Whole Grain Stamp

The 1:10 Rule for Choosing Whole Grains

Current scientific evidence indicates that whole grains play an important role in lowering the risk of chronic diseases, such as coronary heart disease, diabetes, and cancer, and also contribute to body weight management and gastrointestinal health.

Determining whether a product you are considering purchasing is indeed whole grain can be confusing. One way is to use the whole grain stamp.

Another way to determine carbohydrate quality has been developed by a recent Harvard study which offers a simple way to increase the odds of choosing wisely. Look for less than a 10-to-1 ratio of total carbohydrates to fiber on the nutrition label of whole-grain products.

For every 10 grams of carbohydrate there should be at least one gram of fiber. Why 10:1? That's about the ratio of fiber to carbohydrate in a genuine whole grain unprocessed wheat.

Divide the grams of carbohydrates by 10. If the grams of fiber is at least as large as the answer, the food meets the 1:10 rule.

In the nutrition label shown here, for example, one serving of this whole-grain roll has 23 grams of carbohydrate. Divide that by 10 and you get 2.3. It also has 5 grams of dietary fiber, which is greater than 2.3. That signals a healthy whole-grain food.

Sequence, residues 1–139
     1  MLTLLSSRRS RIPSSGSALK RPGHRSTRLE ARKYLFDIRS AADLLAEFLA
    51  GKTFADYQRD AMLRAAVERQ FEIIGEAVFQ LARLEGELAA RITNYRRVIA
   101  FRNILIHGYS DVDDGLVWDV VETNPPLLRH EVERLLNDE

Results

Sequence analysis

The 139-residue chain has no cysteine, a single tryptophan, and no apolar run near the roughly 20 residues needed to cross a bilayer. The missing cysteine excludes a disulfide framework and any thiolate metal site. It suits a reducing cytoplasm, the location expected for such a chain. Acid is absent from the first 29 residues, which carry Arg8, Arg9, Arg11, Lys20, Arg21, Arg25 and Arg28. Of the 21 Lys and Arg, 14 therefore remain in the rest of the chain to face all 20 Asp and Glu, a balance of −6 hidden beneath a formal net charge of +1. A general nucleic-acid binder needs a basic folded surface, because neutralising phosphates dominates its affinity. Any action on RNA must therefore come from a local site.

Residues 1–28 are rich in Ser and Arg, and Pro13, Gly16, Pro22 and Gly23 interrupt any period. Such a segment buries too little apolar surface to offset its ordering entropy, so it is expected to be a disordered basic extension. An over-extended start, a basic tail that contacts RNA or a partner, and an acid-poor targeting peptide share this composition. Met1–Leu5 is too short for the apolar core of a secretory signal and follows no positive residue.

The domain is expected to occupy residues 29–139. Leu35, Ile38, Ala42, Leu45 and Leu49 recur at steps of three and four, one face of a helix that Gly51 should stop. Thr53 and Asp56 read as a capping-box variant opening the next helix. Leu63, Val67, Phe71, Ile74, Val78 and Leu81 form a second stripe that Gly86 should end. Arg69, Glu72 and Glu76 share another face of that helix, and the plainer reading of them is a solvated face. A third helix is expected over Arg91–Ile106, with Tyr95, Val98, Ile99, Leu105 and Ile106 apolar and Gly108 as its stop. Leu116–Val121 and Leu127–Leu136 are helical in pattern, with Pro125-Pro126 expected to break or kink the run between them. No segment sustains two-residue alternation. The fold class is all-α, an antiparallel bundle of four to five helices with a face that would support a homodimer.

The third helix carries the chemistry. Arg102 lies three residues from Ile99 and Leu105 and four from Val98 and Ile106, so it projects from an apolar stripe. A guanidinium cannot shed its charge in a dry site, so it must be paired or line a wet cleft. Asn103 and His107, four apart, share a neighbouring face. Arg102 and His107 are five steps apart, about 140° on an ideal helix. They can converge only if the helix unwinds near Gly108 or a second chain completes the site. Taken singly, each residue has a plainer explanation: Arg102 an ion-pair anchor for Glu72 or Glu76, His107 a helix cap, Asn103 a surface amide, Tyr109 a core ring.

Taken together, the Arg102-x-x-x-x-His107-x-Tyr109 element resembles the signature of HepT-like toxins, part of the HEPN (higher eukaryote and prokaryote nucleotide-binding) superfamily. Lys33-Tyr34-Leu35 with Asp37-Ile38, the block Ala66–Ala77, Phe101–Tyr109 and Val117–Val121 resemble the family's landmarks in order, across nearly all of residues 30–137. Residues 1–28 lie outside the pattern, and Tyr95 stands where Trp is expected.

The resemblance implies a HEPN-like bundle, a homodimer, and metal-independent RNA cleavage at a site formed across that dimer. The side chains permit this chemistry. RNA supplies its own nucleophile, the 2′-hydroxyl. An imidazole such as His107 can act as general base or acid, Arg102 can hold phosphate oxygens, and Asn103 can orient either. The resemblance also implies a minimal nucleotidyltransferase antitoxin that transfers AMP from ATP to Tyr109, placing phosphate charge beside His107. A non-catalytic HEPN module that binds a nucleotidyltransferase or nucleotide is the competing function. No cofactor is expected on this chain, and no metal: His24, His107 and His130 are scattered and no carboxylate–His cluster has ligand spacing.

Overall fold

Whole grain bread and cereals are great ways to eat whole grains.


Mozaffarian, R., Lee, R., Kennedy, M., Ludwig, D., Mozaffarian, D., & Gortmaker, S. (2013). Identifying whole grain foods: A comparison of different approaches for selecting more healthful whole grain products. Public Health Nutrition, 16(12), 2255-2264. doi:10.1017/S1368980012005447

Sawicki CM, Jacques PF, Lichtenstein AH, Rogers GT, Ma J, Saltzman E, McKeown NM. Whole- and Refined-Grain Consumption and Longitudinal Changes in Cardiometabolic Risk Factors in the Framingham Offspring Cohort. J Nutr., Volume 151, Issue 9, September 2021, Pages 2790–2799, https://doi.org/10.1093/jn/nxab177.

Mozaffarian, D, Appel, LJ & Van Horn, L (2011) Components of a cardioprotective diet: new insights. Circulation 123, 2870–2891.

Ludwig, DDS (2002) The glycemic index – physiological mechanisms relating to obesity, diabetes, and cardiovascular disease. JAMA 287, 2414–2423.

Active Nutrition is a participant in the Amazon Associates Program, an affiliate advertising program designed to provide a way for websites to earn advertising revenues by advertising and linking to Amazon. If you click on one of my recommended item links and then place an order through Amazon, I receive a small commission on that sale, at no extra expense to you of course. This is a way to support me and my work every time you shop at no cost to you.

Connect with Maria